5. Skype: The free video chat service, Skype, is successful at connecting people from around the globe. The use of this service is slowly being adopted by admissions offices across the country in order to connect with prospective students that can’t make the long trip in for an initial visit.
“The opportunity for programs like Skype, where you have immediate and prolonged video interaction with schools, is almost as good as sitting in the office of an admissions counselor,” Berg says. “Skype provides instant gratification [for students].”
6. Facebook: With more than 750 million users on the social network, Facebook is the unquestioned leader in its field, and colleges across the country are feeling the pressure to provide a voice on the platform. This gives students and parents the advantage when researching the culture of a school, says Kerpen. “Facebook allows unprecedented access, insider’s access, to what’s going on at colleges,” he notes. “For students and parents, it’s a major opportunity to really see what’s going on, [and] what students and alumni are talking about.” (Read about colleges bringing campuses to Facebook.)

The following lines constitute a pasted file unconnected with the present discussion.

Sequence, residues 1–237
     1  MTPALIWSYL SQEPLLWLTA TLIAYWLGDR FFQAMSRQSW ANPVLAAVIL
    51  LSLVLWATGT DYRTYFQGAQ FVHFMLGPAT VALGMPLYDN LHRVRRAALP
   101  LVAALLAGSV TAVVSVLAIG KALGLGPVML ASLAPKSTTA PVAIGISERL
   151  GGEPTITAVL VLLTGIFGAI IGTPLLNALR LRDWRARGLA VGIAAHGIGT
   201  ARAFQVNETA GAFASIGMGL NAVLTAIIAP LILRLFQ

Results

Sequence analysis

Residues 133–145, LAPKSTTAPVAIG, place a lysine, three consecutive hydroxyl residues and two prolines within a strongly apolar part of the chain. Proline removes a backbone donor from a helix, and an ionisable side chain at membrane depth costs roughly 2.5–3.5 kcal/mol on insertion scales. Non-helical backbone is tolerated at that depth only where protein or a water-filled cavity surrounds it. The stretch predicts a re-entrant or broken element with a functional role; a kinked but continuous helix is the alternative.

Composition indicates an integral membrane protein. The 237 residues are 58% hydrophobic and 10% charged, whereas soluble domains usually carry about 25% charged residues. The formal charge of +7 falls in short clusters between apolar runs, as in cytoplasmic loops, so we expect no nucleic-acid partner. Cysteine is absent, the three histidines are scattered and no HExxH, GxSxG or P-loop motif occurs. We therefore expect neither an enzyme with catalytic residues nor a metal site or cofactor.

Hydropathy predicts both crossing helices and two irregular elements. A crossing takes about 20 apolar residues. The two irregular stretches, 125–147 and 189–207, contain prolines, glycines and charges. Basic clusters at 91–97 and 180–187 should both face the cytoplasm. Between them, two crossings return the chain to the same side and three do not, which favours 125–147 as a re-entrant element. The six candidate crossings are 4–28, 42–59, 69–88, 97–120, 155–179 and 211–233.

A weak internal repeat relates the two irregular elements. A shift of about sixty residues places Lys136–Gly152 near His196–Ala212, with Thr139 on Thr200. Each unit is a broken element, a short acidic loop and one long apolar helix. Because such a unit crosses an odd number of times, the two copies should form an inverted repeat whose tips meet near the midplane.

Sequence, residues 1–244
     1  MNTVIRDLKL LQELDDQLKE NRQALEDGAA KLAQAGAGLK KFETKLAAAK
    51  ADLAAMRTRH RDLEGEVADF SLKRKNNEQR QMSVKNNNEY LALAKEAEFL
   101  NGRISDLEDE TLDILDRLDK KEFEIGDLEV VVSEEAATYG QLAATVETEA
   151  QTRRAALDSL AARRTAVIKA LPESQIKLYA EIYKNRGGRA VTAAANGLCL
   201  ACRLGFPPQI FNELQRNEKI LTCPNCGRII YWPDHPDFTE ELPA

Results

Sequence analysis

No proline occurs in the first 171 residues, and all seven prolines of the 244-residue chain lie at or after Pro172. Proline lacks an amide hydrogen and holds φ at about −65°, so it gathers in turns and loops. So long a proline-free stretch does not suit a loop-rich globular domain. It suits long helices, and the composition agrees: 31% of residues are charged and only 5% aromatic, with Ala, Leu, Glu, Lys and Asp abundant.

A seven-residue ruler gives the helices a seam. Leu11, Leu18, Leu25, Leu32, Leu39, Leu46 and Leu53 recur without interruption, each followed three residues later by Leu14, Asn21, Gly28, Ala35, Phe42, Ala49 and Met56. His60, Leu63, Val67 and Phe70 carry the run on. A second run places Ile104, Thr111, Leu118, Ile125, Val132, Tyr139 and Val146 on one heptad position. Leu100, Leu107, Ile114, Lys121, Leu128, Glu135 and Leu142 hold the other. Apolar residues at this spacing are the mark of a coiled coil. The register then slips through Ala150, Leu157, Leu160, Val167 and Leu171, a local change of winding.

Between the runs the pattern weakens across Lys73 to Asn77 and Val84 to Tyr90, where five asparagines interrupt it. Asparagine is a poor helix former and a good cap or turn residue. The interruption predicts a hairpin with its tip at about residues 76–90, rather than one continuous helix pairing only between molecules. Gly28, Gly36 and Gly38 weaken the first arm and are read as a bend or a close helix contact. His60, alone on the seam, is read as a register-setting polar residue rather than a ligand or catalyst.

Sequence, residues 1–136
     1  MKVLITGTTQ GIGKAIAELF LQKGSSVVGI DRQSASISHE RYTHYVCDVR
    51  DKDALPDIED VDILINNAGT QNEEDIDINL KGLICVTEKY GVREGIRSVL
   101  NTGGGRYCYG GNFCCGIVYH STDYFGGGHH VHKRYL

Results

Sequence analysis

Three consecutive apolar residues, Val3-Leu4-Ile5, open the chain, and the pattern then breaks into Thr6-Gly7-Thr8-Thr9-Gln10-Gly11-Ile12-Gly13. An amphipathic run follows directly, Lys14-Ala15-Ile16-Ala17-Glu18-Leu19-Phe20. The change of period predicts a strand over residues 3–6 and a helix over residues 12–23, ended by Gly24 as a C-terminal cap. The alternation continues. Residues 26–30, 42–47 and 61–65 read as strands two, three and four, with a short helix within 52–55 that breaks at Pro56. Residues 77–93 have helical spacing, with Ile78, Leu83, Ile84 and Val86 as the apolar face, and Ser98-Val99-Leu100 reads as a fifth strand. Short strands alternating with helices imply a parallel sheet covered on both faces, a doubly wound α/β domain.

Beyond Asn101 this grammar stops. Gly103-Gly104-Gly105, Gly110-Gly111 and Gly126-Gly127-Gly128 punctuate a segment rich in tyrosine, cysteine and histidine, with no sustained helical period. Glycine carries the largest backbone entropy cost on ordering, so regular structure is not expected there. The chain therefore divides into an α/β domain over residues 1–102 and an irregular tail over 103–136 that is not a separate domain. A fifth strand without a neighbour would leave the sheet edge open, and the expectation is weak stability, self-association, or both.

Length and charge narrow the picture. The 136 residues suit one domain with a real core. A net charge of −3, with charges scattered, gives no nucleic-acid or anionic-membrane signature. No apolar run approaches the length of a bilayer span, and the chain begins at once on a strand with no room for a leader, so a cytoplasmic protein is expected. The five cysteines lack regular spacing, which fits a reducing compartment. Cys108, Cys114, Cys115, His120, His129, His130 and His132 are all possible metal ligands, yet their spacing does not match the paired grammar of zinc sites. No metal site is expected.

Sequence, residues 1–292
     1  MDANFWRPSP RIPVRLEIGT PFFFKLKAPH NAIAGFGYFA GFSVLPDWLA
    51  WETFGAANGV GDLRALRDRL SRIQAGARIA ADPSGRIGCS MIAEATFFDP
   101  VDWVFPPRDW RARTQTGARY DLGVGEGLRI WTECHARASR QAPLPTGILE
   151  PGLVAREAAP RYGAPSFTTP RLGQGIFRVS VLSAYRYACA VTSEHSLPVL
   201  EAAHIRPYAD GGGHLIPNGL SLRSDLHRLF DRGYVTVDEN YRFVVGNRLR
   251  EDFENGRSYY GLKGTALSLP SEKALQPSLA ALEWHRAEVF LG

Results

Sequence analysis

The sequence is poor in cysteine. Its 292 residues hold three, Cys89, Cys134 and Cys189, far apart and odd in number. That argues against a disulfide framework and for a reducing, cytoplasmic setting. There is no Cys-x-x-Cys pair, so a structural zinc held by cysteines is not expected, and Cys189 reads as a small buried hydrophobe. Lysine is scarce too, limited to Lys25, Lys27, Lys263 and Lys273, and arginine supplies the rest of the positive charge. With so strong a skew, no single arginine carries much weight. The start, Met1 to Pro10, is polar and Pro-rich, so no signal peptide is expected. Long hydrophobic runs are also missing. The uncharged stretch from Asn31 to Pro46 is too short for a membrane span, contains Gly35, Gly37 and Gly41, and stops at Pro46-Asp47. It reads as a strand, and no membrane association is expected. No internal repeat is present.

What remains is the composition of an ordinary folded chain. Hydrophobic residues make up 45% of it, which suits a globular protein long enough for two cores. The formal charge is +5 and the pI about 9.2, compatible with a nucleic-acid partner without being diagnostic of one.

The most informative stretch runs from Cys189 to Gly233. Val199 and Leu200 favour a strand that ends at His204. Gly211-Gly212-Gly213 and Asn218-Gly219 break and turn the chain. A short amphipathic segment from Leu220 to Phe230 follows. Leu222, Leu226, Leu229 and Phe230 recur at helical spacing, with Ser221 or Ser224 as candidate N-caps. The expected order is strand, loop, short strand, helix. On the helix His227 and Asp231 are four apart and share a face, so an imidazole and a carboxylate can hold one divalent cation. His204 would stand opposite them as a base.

7. Twitter: The search function of Twitter is a powerful tool to observe conversations, Kerpen says. “It allows students to find out what’s being said right now about a particular college.” Whereas a college or university may be able to filter the discussions taking place on its Facebook page, it cannot control the conversation on Twitter. Kerpen suggests students and parents use Twitter to connect with others who have unfiltered information about a school. “People you know and people you know of are a lot more trustworthy than a [college] brochure,” Kerpen says. “Leverage the opportunity to find out what real people are saying.”
8. Unigo: Unigo is the go-to resource for high school students and parents looking for authentic, up-to-date information about America’s colleges. The site features tens of thousands of interactive college reviews created by the real experts – current college students. Unigo’s college reviews were described by The New York Times Magazine as “…so evocative they make the one-page U.S. News summaries read like junk mail … they are vivid in a way no guidebook can match.” Unigo is also famous for it’s off-beat college rankings.